I found this book by chance, I guess, after Googling “Jane Jones: Worst. Vampire. Ever.” because I found the book…well, I don’t remember how.
Since, I’ve not found anything on the author, and the book fits the stereotypical assumption of self-published books being of poor quality, so I’m assuming it’s their first novel—and there are not a lot of informational reviews on this thing, other than “it sucks”, “gross”/”disgusting” or other similar, non-informative comments.
So I bought it on Amazon (it was cheaper there). I read the preview via Google’s books section[1. Google seems to have/do everything now, geez.] and had to buy it, because sometimes things are so bad one just can’t look away, and…that was me. I wanted to give this author the benefit of the doubt, despite the constant gay bashing even though the author has this novel listed as LGBT-friendly.
Reviewing books is not my forte, so I’m not sure how this is really supposed to go. I am, however, pleased with and proud of myself, because this is the first book[2. Like, actual novel book. Cookbooks and informational eBooks do not count. This is a novel available only in eBook form, which sucks, but meh. I wouldn’t have liked the physical copy anyway.] I’ve read in a long while—about three, almost four, years.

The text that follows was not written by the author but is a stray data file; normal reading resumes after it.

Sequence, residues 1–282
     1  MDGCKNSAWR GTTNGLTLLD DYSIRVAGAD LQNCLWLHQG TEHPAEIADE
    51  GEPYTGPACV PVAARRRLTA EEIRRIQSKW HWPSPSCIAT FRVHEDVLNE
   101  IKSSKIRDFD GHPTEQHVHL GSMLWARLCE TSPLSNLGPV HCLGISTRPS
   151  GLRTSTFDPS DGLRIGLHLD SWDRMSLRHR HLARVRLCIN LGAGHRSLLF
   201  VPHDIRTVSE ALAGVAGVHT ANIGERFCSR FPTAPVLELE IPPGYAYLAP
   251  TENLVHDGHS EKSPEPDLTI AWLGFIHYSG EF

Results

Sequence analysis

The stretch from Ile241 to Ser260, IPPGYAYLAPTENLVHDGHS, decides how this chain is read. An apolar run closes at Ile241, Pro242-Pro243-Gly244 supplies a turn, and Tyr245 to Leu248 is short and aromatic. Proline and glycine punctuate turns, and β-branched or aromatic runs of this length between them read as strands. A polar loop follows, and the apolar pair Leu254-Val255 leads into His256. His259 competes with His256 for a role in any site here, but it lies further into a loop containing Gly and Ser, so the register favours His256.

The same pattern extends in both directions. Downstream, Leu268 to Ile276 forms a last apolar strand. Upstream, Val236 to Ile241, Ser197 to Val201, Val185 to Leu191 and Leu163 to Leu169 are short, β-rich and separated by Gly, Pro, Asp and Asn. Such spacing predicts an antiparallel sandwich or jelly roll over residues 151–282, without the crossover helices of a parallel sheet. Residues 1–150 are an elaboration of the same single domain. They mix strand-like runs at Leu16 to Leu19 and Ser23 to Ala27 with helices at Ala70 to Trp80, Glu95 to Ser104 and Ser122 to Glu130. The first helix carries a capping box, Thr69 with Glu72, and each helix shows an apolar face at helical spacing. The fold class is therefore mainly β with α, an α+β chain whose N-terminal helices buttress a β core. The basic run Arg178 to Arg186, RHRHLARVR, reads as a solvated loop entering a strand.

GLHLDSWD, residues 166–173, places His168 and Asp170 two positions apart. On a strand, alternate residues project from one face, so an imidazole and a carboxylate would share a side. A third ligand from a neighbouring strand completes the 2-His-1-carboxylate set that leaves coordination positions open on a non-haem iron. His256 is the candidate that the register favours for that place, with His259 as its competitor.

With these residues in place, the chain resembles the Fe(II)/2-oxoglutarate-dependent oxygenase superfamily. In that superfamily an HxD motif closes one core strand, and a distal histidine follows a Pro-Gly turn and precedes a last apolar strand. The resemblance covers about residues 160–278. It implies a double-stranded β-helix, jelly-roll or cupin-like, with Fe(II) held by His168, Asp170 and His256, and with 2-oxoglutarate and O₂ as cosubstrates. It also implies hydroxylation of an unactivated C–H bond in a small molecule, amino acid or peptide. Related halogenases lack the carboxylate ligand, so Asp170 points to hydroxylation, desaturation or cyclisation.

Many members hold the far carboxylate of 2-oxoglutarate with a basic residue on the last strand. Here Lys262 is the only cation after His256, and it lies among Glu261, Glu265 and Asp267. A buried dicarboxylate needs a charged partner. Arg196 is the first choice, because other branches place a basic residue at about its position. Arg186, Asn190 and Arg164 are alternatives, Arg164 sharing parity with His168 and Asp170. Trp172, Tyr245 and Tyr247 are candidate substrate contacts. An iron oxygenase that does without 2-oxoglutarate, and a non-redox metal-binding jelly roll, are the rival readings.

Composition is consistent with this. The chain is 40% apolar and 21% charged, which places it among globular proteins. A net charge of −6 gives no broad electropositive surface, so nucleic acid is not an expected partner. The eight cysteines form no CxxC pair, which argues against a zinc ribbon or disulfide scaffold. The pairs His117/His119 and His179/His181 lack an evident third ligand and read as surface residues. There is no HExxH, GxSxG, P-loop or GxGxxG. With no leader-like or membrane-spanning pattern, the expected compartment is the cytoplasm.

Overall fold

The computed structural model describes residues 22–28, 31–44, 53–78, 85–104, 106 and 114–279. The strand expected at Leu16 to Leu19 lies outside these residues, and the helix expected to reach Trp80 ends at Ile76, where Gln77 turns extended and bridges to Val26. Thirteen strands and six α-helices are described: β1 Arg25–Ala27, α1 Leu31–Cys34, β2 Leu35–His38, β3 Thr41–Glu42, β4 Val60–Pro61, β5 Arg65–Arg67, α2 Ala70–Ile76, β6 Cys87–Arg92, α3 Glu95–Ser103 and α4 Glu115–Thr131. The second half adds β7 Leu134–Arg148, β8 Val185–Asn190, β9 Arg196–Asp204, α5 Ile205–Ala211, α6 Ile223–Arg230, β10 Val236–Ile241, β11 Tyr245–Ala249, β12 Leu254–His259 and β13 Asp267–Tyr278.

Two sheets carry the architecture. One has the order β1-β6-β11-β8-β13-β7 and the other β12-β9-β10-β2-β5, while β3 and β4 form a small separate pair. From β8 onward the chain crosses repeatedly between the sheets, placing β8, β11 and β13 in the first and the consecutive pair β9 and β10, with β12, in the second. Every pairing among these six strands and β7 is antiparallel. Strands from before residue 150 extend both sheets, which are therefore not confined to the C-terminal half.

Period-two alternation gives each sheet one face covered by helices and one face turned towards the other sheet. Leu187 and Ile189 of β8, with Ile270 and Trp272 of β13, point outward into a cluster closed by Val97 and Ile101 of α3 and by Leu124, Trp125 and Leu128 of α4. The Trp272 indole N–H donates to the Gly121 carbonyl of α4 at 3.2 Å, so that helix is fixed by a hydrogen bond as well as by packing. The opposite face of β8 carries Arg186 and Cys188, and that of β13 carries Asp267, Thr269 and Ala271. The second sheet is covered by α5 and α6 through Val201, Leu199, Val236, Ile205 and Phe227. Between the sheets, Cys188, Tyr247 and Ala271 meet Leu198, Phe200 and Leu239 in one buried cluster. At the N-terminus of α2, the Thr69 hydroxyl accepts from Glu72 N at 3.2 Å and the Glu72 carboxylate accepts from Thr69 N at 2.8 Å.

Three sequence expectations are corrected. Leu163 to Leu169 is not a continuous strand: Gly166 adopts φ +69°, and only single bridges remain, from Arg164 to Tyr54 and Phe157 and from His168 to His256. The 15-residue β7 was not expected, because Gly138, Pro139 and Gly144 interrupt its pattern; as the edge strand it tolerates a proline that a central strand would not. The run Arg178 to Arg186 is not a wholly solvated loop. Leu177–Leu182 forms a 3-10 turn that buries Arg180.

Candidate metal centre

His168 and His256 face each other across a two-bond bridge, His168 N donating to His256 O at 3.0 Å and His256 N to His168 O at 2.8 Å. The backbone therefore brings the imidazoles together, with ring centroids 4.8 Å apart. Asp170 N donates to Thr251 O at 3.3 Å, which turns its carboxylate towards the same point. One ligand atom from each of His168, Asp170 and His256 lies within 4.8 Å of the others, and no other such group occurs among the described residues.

There are potential spoilers because I can’t articulate/convey certain uncanny pieces without them.
We’ll start with this, because it’s the part that pissed me off most. This is also what damages the book before the rest of it is even consumed. In my opinion, when someone publishes an LGBT-friendly anything, it is exactly that—LGBT-friendly. Literature lacks in LGBT+ diversity, but if you’re going to contribute to it by adding similes regarding how two male characters are like a heterosexual couple the entire time, that isn’t LGBT+ diversity, it’s sabotage.
This sixteen-year-old kid named Lucas fears coming out to his parents and has a best friend who, all the while knowing Lucas is gay, constantly slings around gay insults. After Lucas meets Kiran, the author constantly compares Lucas’ feelings regarding and relationship with Kiran to life with a girl:
- The first punch was “like he would a girlfriend”, which was used to describe the way Kiran handled him. Seriously?
- “He may as well be a girl” because he was feeling weak from Kiran’s actions. Why can’t he just feel weak because that was what Kiran made him?
I’m too lazy to search through for the rest of the things; I actually wound up ranting about it to a friend who agreed with me…and found my commentary as I continued to read it quite amusing. (Eh.)